Shaping the bureau or maximising the budget? : Rational choice, historical institutionalism and bureaucratic reform in New Zealand : a dissertation presented in fulfilment of the requirements for the degree of Doctor of Philosophy in Politics, Massey University, Turitea campus, New Zealand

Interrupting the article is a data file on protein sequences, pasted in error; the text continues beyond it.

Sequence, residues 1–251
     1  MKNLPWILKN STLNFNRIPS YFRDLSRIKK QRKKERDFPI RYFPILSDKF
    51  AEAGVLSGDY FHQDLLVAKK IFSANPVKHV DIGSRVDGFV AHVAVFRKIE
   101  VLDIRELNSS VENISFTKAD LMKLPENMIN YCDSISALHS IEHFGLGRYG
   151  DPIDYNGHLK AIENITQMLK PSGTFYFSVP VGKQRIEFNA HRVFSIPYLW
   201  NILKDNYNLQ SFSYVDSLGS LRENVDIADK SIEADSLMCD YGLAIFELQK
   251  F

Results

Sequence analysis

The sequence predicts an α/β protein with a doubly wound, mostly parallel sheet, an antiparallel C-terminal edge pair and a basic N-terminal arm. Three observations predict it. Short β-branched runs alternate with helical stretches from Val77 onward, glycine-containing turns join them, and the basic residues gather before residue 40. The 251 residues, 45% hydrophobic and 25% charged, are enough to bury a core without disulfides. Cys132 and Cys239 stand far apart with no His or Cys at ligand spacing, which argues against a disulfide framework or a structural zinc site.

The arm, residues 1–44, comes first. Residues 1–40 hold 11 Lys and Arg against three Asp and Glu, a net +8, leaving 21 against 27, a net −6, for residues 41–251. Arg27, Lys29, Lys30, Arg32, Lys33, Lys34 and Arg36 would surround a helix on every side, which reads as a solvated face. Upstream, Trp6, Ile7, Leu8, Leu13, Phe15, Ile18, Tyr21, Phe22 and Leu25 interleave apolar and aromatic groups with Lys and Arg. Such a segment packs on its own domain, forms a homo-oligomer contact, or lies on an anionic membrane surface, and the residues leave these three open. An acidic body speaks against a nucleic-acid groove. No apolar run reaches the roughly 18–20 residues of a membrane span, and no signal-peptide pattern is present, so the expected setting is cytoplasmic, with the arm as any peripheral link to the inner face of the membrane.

In early 1997, the recently formed National/New Zealand First coalition government embarked upon an Employment Strategy which was to generate extensive structural upheaval in the New Zealand public service. In short order, the largest government department was dismantled, a second was much reduced, and three new bureaucracies were created. This dissertation searches for the causes of the trajectory and outcomes of those institutional reforms. Drawing on both qualitative and quantitative data, the thesis explores the motives of the senior politicians and officials involved in the Employment Strategy, tests the relative influence of those actors over decision-making, and examines the bearing which institutional arrangements within the political executive had on the course and consequences of the Employment Strategy. Two theoretical approaches are used to make sense of the data. The rational choice case for bureaucratic change proposes that the institutional shape of the public sector is a function of instrumental bureaucratic conduct. Specifically, budget-maximisation is assumed to result in an increasing number of government departments, each consuming an expanding budget and producing excess output. The orthodox economic model provides a poor explanation of the Employment Strategy. The bureau-shaping model (Dunleavy, 1991), on the other hand, which employs a revised rational choice maximand to explain the influence of officials on bureaucratic reform, has more explanatory potential. The assumption that senior officials are motivated to shape the institutional parameters of their departments, rather than to maximise budgets, generates valuable insights regarding the structural revisions in question. Nonetheless, a bureau-shaping analysis cannot explain the variation in officials' preferences which marked the Employment Strategy, or the influence which Cabinet ministers had on the resolution of key policy debates. Those limitations point to the value of the second theoretical tradition used in the study. Historical institutionalism combines human agency and institutional context in a single account of political outcomes. The analysis in this thesis accommodates optimising behaviour, but explains it in the context of the institutions of the political executive which mediated decision-making during the Employment Strategy. However, neither rational choice nor historical institutionalism can fully account for the process and institutional results of the Employment Strategy. The thesis advocates a rapprochement between the proponents of individual agency and those who emphasise structural context and historical particularity. For the first time, this dissertation extends the existing new institutionalist literature and articulates a theoretical pathway to that end.